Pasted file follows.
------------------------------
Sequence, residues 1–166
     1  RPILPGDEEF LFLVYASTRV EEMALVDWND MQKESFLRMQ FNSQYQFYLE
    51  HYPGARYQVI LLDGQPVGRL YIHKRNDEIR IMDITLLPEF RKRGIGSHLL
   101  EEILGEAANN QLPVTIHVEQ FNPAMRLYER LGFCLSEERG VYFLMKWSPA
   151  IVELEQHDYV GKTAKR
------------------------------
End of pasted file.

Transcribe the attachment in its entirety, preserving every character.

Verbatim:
Sequence, residues 1–166
     1  RPILPGDEEF LFLVYASTRV EEMALVDWND MQKESFLRMQ FNSQYQFYLE
    51  HYPGARYQVI LLDGQPVGRL YIHKRNDEIR IMDITLLPEF RKRGIGSHLL
   101  EEILGEAANN QLPVTIHVEQ FNPAMRLYER LGFCLSEERG VYFLMKWSPA
   151  IVELEQHDYV GKTAKR